The significant length of time animals are held before courts determine their disposition can result in serious physical and behavioral deterioration due to chronic stress, even when shelters provide high quality care.

(7)

Federal animal fighting cases often involve dozens, if not hundreds of seized animals.

(8)

Between 2016 and 2019, the United States Department of Justice seized over 1,000 dogs in animal fighting cases.

(9)

Holding times for animals seized in Federal animal fighting cases can stretch on for over a year. After 64 dogs were seized from twelve locations in a Federal animal fighting case in 2016, some animals were held for up to 436 days.

(10)

Seizing 367 dogs in a Federal animal fighting case in 2013 required sheltering dogs for up to 390 days. Fifty-three percent of the dogs in that case declined behaviorally, with 30 percent of them deteriorating to such a degree that they had to be humanely euthanized.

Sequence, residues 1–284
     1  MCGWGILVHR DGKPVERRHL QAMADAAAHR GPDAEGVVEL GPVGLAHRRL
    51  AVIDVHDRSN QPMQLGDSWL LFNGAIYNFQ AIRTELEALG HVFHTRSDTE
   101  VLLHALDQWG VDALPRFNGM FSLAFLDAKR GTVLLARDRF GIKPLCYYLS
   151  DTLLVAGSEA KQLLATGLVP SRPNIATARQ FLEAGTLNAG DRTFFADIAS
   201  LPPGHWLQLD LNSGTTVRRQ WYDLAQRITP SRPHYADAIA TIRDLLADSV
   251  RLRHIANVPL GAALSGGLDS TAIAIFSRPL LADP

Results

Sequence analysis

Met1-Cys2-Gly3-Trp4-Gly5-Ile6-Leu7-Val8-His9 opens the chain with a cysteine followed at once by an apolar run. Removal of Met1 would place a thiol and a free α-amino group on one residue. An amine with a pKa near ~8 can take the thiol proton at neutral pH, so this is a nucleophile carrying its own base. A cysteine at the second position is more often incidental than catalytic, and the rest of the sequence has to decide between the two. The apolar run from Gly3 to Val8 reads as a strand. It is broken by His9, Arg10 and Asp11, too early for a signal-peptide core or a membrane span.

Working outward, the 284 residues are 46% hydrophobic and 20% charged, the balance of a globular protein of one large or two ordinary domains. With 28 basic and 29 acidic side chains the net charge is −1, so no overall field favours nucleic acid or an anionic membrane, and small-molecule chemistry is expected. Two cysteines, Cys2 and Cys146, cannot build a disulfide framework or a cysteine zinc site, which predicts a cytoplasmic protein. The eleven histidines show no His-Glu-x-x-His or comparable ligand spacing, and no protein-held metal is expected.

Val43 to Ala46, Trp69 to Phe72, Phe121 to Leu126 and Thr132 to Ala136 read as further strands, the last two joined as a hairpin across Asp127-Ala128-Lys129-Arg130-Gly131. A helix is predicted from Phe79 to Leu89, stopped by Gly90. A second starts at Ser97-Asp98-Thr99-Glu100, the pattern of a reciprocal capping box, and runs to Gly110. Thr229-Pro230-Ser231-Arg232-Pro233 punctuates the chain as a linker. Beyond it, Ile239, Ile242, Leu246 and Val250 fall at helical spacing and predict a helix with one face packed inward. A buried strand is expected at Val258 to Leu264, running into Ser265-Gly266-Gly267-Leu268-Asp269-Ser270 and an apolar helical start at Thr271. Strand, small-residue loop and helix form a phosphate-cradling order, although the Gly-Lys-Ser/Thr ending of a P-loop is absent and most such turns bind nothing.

(11)

Reducing the time that seized animals must be held before courts determine their legal disposition is the best way to minimize the trauma animals have experienced at the hands of their abusers.

(12)

The unique nature of animals compared to other seized assets requires higher costs to the government and to partnering animal welfare organizations.

(13)

Animal welfare organizations have sheltered animals for several Federal investigations at costs ranging from $900,000 to more than $3 million.

(14)

Uncertainty regarding who is ultimately responsible for the cost of care for the seized animals discourages future animal fighting investigations, which means fewer animals saved.

(15)